Basic IT Security for the Public Health Worker

Basic IT Security for the Public Health Worker

Health information technology is ever-changing, developing, and growing more sophisticated.

While this technology empowers us to do our jobs better and more efficiently, it also brings its own set of challenges and concerns.

  • Have you ever wondered what actually makes a password strong, and how to choose a password that is both strong and easy to remember?
  • Have you ever wanted to understand a little more about cloud computing?
  • Would you recognize a phishing attack? (These are responsible for the most high-profile hacking news stories in recent years.)
  • Are you curious about where information technology is headed, particularly EHR technology?

Scott Randall, Developer, recently presented at an Expert Webinar for Champ Software titled, IT Trends & Security for You.

Expanding on a presentation he made earlier this year at the Omaha System International Conference, Scott answered those questions and more.

Recently, the news has been saturated with updates on the Equifax data breach. Millions of Equifax customers in the US were affected when social security numbers, names, dates of birth, and addresses were accessed by hackers.

On September 13, 2017, Equifax made the news again when accusations of a breach of its Argentinian data were made.

The vulnerability was discovered by two native Argentinian employees of a Wisconsin security firm called Hold Security LLC.

What was the vulnerability?

The highly sensitive and private information Equifax held was, according to them, accessible via a portal protected only by a username, “admin” and an identical password, “admin”. (Source)

Computer Login Screen

Hacking has become a daily occurrence; whether we’re hearing about celebrities’ private photos being accessed and distributed without permission or we are getting a notification that someone tried to hack in to our Facebook account, we are ever-aware that there is a threat out there.

You may wonder, how do I know my information is secure enough?

Often, websites and softwares will specify certain password requirements to help you create a secure password.

However, the stricter the requirements are for a secure password, the more difficult it becomes to remember the password.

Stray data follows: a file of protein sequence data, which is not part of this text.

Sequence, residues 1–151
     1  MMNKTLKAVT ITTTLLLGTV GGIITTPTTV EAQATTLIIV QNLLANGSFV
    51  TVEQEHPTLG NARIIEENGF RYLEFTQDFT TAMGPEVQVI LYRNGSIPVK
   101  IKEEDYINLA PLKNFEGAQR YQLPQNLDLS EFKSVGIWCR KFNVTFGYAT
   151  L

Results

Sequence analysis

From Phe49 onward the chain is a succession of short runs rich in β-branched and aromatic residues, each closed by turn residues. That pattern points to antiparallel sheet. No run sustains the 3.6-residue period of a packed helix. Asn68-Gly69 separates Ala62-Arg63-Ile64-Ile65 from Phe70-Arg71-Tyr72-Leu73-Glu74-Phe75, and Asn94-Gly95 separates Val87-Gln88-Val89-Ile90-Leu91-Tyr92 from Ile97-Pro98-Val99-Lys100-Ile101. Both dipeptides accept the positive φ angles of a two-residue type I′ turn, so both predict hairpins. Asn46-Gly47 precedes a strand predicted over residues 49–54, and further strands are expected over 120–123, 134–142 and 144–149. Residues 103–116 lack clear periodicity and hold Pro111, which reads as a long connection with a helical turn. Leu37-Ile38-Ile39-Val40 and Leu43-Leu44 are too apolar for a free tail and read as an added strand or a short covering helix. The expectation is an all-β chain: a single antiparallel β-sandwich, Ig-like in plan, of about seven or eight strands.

In fact, most people seem to just give up and hope for the best when creating a password, opting for easy to remember variations such as “admin” or “123456.”

According to Keeper Security, a leading online Password Manager, over 50% of the 10 million users they analyzed in 2016 used one of the same 25 passwords.

So how does one create a strong, secure password that is uncommon but isn’t easy to forget?

One example recently provided by Scott Randall, Developer during his presentation was this: J’sgtWC&T’sgtM,p!gtw.

If that password looks complicated and forgettable, Scott’s explanation will surprise you. It’s simply based on a popular children’s rhyming song that you won’t be able to get out of your head once you hear it.

Another threat to our information security is phishing.

While some phishing scams are laughably easy to detect (the rich uncle you never knew you had probably isn’t going to wire you a $1M inheritance if you give him your social security number and banking information), others are startlingly sophisticated.

  • Would you recognize a phishing attack? (These are responsible for the most high-profile hacking news stories in recent years.)

In fact, Scott Randall shared during the IT Trends & Security for You webinar that it was a phishing scam that allowed the 2016 Democratic National Committe (DNC) email hack to take place, leaking thousands of private emails to the public.

It all started from an email, cleverly disguised as a notification from Google, sent to a DNC employee asking them to change their Gmail password to (ironically) protect themselves from being hacked by an unauthorized sign-in attempt.

Clicking the legitimate-looking link resulted in the hacker obtaining the DNC employee’s Gmail login information and accessing the account and all the private emails.

Scott shared a few key tips in detecting a phishing scam, including:

  • Beware of a “corporate” email containing a link or button to change or confirm your login information
  • Ensure https precedes the URL in the address bar prior to entering sensitive information
  • Check the URL to see if it is what it should be before entering your information on that page

While keeping your passwords secure and avoiding scams are simple ways to protect your information, more questions arise when considering where the information goes once it leaves your hands (or your laptop).

For many, although the term “cloud computing” has become as common as sliced bread, we may still wonder what exactly the ethereal cloud is, where it is, and just how secure it is.